I've read a bit about how to derive parametrization-invariant priors for models where we have access to derivatives of the likelihood function and can compute the Fisher Information Matrix: http://www.philipgoyal.org/resources/Papers/Research-Papers/MaxEnt2005.pdf

Is there a good way to derive roughly objective priors for simulator-based models, when we don't have access to derivatives of the likelihood function?

So far I've just been using heavy-tailed priors and hoping for the best, but that doesn't seem like the best approach.


A description length based prior will have the properties you seek.

To see the connection, imagine that you've fitted a continuous model $p(x|\theta)$ with maximum likelihood. You'd now like to encode $x$ using $\theta$. A simple way to encode the vector $\theta$ is as an array of floating point numbers with fixed precision. Suppose in doing so you introduce an error of size $\epsilon \sim 2^{-p}$ for each coordinate. Since $\theta$ is a MLE estimate, this will create a second order effect on $p(x|\theta)$ that will depend on the hessian of the likelihood function and $\epsilon^2$. If the function is peaked enough (or a member of the exponential family) this is approximately going to be... the Fisher Information Matrix! Dum dum dum...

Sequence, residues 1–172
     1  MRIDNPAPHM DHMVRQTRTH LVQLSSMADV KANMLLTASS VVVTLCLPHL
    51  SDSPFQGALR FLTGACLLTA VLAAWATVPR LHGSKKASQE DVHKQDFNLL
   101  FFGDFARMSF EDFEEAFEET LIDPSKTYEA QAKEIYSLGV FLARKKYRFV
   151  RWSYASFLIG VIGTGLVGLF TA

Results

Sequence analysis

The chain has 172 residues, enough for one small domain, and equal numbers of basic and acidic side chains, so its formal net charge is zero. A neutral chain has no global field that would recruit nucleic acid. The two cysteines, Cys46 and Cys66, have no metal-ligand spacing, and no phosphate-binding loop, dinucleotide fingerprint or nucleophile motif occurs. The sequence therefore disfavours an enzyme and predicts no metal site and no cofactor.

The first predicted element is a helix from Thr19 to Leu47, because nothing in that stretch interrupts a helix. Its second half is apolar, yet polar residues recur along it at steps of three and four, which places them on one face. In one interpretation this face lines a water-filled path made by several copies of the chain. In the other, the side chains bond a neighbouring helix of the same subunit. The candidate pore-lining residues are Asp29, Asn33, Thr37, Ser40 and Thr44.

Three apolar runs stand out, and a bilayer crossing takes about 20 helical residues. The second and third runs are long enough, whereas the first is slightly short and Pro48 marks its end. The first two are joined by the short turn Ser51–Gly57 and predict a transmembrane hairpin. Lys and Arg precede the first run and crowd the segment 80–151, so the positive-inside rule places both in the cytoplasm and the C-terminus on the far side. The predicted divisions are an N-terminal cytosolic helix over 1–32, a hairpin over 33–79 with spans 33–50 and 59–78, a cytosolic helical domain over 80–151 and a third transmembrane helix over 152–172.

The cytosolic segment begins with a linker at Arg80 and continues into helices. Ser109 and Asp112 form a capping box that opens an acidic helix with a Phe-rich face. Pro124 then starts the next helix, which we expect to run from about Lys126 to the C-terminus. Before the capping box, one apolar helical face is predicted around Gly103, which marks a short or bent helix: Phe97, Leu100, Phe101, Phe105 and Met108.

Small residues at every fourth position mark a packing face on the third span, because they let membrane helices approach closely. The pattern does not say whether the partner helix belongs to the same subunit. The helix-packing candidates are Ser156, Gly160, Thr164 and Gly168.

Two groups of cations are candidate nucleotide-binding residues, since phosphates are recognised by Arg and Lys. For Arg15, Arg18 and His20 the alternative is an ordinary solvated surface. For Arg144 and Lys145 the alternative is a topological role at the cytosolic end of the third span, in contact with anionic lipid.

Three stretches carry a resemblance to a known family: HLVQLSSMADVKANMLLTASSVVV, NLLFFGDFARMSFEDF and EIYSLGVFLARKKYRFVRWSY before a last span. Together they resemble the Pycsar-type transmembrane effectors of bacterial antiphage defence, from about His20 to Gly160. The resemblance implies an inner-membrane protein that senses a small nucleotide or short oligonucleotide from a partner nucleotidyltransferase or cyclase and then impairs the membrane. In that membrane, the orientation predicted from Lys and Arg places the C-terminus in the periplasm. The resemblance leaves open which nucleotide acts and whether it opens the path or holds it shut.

• $\begingroup$ Arthur, could you expand a bit on this? Do you have a reference for this? Would this provide the Fisher Information around the MLE or also across the parameters space? (we want the latter, right?). How would we implement this practically in am MCMC? $\endgroup$ – Florian Hartig Aug 18 '15 at 22:47

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